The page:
Nonotuck offers Shared Living, Adult Family Care, and personalized day services for people with disabilities. Each of our services is dedicated to our mission of providing people with disabilities a choice, a voice and the opportunity to live authentic lives.
We provide support and services at locations in Boston and across Massachusetts and we are the largest shared living organization in the state.
We want the people we support to live their most genuine lives with authentic relationships and opportunities and for them to be empowered to make their own choices.
Everyone deserves to love and be loved, and to feel they are being seen, heard and realized, regardless of abilities.
Caregivers and persons with disabilities are dependent on each other as they would be in any strong relationship or friendship. They can rely on each other for mental, physical and emotional support.
When we can be seen as our true selves or see others as who they truly are, we can live authentically and whole-heartedly. Allowing ourselves to be open is being vulnerable, and yet courageous.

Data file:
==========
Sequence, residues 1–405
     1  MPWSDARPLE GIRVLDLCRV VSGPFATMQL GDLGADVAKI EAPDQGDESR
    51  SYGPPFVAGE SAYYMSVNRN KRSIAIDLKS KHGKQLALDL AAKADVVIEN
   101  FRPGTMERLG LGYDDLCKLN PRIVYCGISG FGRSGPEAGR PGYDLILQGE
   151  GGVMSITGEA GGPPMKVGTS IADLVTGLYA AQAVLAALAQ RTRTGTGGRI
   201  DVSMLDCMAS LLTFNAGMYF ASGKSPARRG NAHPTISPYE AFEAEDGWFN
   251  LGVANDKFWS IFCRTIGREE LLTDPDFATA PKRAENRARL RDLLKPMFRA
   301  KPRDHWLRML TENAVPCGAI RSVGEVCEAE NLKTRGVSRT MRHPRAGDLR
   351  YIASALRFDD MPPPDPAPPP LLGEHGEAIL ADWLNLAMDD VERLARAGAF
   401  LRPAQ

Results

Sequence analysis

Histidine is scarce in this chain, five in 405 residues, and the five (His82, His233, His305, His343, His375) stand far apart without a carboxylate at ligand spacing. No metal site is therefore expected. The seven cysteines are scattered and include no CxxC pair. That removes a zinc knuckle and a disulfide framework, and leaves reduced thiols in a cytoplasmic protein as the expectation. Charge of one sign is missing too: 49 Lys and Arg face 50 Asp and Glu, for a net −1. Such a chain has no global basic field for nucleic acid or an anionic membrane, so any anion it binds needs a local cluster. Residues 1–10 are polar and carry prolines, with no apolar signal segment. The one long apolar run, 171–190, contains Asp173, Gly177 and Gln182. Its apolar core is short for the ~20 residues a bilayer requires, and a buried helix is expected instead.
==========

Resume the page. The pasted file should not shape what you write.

Nonotuck was established in 1972 as a group living home for individuals with disabilities. As the ideal models of care have evolved, so have Nonotuck’s services, with perhaps the biggest leap being the shift from group homes to shared living.
Shared living has its roots in the L’Arche movement, founded in 1964 in France by philosopher, theologian, and humanitarian Jean Vanier. Inspired by the L’Arche communities he had visited, Nonotuck CEO George Fleischner introduced the concept to the communities served by Nonotuck in 1987. As group homes were phased out, their residents moved in with families in a shared living relationship and became cherished and respected members of their households and communities.
Learn how Nonotuck developed a love-based ideology of care. We started our shared living program as an alternative to group homes for people with disabilities. Instead, Shared Living creates genuine life transformation for people with disabilities, as well as families and communities. The true power of caregiving is found through hospitality, authenticity, and love.